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FrogLitoria aurea

Green and Golden Bell Frog

Current conservation status: Extinct in ACT, Endangered (NSW), Nationally vulnerable.

Family: Hylidae

Appearance: A large green or green and brown/gold cloured frog, with fully webbed toes. They have a smooth back and bright blue or purple on the hind side of the thighs.

Length:  up to 120mm

Breeding: Calls from September to  Januar.

Habitat: Found in low-land rivers, swamps, farm dams and lakes. This species is semi-aquatic, spending much time in wetlands, either perched amongst emergent vegetation, or simply floating or swimming in the water. It is well known for its habit of basking in direct sunlight. Prior to their decline, the bell frog group were found in ponds, swamps, lakes and along slow-moving parts of some rivers, such as the Molonglo. Sites that supported the species were typically thickly vegetated with reeds, sedges and rushes and contained relatively permanent water that did not contain predatory fish. Most sites were in open country, but the frogs have also been recorded in some forested areas.

Distribution: Predominantly coastal species with the western-most occurence being near Canberra. The species has disappeared almost entirely from its former range in the Southern Tablelands. Now only two known populations occur in the Canberra region.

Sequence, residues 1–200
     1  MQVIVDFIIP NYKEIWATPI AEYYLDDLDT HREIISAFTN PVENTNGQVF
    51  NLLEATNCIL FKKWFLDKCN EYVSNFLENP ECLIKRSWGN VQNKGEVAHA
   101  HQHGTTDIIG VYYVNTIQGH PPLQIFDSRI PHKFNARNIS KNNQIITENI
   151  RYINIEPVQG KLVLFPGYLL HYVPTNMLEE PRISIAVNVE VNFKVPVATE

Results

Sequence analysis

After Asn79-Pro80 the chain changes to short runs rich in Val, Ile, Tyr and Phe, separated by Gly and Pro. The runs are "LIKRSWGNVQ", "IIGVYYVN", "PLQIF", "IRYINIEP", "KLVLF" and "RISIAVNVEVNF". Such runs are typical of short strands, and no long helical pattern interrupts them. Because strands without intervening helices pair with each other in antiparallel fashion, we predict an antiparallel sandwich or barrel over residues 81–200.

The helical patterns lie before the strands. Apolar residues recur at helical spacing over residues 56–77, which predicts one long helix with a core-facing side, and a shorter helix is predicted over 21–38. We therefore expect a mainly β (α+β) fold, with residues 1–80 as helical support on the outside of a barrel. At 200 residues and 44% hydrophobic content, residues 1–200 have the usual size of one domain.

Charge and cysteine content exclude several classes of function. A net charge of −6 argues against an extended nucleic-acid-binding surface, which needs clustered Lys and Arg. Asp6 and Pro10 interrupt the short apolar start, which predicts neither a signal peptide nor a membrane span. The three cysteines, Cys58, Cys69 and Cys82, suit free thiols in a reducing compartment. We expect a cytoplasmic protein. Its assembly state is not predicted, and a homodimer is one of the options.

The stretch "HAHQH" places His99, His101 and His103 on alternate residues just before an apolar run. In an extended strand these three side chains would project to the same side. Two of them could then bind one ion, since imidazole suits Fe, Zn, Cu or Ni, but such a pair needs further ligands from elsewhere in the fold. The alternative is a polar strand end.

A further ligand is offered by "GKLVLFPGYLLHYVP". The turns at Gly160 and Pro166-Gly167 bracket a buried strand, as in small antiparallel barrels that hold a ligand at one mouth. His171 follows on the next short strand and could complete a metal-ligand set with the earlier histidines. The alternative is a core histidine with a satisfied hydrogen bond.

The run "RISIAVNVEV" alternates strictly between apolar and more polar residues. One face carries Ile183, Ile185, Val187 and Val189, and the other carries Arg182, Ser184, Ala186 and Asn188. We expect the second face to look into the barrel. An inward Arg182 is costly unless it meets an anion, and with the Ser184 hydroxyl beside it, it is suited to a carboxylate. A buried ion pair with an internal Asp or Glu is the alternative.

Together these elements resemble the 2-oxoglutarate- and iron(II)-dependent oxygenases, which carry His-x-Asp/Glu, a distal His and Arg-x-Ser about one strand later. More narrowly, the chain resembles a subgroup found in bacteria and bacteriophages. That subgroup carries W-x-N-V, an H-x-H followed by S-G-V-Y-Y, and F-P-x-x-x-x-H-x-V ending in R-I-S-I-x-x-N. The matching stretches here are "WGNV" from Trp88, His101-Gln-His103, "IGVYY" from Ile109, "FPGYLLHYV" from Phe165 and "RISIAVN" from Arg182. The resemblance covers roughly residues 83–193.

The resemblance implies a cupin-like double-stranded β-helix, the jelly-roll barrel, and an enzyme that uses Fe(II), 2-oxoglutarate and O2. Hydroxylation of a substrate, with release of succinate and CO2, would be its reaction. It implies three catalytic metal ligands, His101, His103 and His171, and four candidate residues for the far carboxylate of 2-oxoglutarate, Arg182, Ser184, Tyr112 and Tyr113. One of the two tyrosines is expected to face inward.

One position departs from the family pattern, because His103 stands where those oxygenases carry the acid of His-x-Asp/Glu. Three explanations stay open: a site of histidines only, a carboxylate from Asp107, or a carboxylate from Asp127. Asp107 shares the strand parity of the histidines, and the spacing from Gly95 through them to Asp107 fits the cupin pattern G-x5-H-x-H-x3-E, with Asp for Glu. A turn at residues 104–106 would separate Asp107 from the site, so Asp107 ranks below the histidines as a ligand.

Biology: During spring and early summer, following heavy rains, the frogs lay large, gelatinous egg masses that are usually spread as a surface layer through vegetation. Because of their large clutch size (typically many thousands of eggs) the egg mass spreads to occupy a large area (larger than a dinner plate), forming a transparent, floating jelly-like layer that later sinks.

Green and Golden Bell frogs are forocios predators, capturing invertebrates and small frogs, including their own species.

Call: A relatively quiet, but distinctive drawn out "wrrraaaaagh..wrrraaaaagh.. wrrrrkk, wrrrrkk, wrrrrkk" sometimes likened to a motorbike changing gears.

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Litoria aurea
Litoria aurea
Litoria aurea

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Species Information

Canberra Nature Map Atlas of Life in the Coastal Wilderness Atlas of Life Budawang Coast
17010 sightings of 33 species in 655 locations from 86 members
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